Thompson grew into a wildly affectionate, completely lovable, moderately rotund adult cat. He outgrew most of his extreme behaviors, but one trait persisted. Thompson is a biter. He bites frequently and hard. As I climb into bed at night, he'll dart from a dark corner and lock his jaws around my ankle, ears back and eyes wide, like a lion taking down a wounded gazelle. But five minutes later, all is forgotten.
We see Thompsons all the time. And their frustrated owners. On occasion, we do find medical reasons for their behavior, but sometimes it is just a personality issue.
Weir describes a two week course, led by Nagelschneider, that gradually rewarded Thompson for his good behavior, and discouraged his bad behavior:
One thing that I immediately liked about Nagelschneider's approach was her assertion that we focus on rewards, not punishment. She suggested a few "aversive techniques" to try when Thompson misbehaved, but they were pretty mild -- rattling a soda can filled with quarters to startle him, or simply ignoring him altogether. "We don't want to traumatize him," she explained. "The idea is to achieve the desired results with the least amount of invasive measures possible."
This pro-active approach made sense to Alice Moon-Fanelli, a clinical assistant professor of animal behavior at Tufts University. "Cats are very responsive to positive reinforcement," she said. "Usually what happens is the pet gets attention when it's doing something wrong."
This, of course, is nothing earth shattering, but Nagelschneider does bring some interesting theories to her program. In Thompson's case, she does some quick feline psychoanalysis.
But as we discussed his habits and quirks, one theory emerged above the others as a likely diagnosis: Thompson had low self-esteem. As Nagelschneider described it, Thompson's apparent lack of confidence could explain his dizzying alternations between clinginess and viciousness. When he followed me from room to room and jumped on my desk 15 times a day, he was looking to be reassured of my affections. When he attacked, he was acting out in an attempt to control me, like a playground bully knocking the skinny kid down to boost himself up.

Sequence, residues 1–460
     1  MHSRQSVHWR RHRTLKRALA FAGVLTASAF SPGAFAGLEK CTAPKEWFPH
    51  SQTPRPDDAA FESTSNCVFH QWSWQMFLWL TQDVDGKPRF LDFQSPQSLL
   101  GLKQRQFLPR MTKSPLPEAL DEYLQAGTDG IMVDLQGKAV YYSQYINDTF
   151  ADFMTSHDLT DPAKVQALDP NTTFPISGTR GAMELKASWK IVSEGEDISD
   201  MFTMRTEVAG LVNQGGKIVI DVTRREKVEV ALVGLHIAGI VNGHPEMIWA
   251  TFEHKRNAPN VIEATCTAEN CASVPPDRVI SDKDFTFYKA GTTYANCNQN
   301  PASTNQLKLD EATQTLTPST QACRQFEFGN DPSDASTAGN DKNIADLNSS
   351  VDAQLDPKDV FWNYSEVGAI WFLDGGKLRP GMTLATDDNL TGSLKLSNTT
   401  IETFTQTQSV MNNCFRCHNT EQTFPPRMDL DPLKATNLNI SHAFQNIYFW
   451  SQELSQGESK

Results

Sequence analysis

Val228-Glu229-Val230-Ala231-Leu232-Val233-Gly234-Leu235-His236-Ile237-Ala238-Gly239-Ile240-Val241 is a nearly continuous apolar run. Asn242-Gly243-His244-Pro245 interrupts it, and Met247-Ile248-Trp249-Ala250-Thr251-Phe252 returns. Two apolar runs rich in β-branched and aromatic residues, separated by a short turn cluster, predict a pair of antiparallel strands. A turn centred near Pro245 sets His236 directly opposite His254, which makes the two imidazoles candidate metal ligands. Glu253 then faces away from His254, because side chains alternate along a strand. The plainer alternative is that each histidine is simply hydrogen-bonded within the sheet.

Like the dog whisper and horse whisperer that came before her, Nagelschneider reinforces something that we too often forget when dealing with animals. We are better pet owners when we try to see it from their point of view. Patience, attention and love will allow us to understand much about our cats.
I encourage you to read the article in full--if only to see how one scientist ranks cats as similar to pigeons and cockroaches.
Friday, March 14, 2008
We want to say goodbye to one of the Scottsdale Cat Clinic family. Jasper, one of our resident felines has decided to pursue other offers. In truth, Jasper had grown too big and too important for our small clinic. He was receiving offers we just couldn't match. We quickly felt like the Milwaukee Brewers with a hot prospect we couldn't afford to sign. I like to think Jasper's out there somewhere in pinstripes--hopefully with the Cubs.
In truth, Jasper was a pretty shy young cat when we adopted him. He was one of the guests of honor at our Grand Opening, and we thought he'd make a great addition to the staff. But as the months wore on, Jasper became more and more bold. Lots of you, I'm sure, saw him run out and greet your cats as they arrived for exams or surgeries. While he was friendly, Jasper was also particularly keen to let these other cats know they were in his house. He accomplished this in the usual feline manner; with the occasional spray.
Jasper was also a handful in the back office. Once he became comfortable in his clinic home, he expected a lot of play time. We found it hard to get on with work with our young black cat draped all over us. Jasper also had a love-hate relationship with Margie, our dignified senior calico. Jasper loved teasing Margie, and Margie just flat out hated Jasper. Who knows what havoc was wrought in those long nights when the clinic doors were shut. Eventually we realized that Jasper was the Shawn Marion of our team (to mix sports metaphors). He was incredibly talented, but unhappy with his role. We had to let him go.
Our thanks to Shannon for enthusiastically negotiating Jasper's trade. Good luck and Godspeed to you, little black fellow.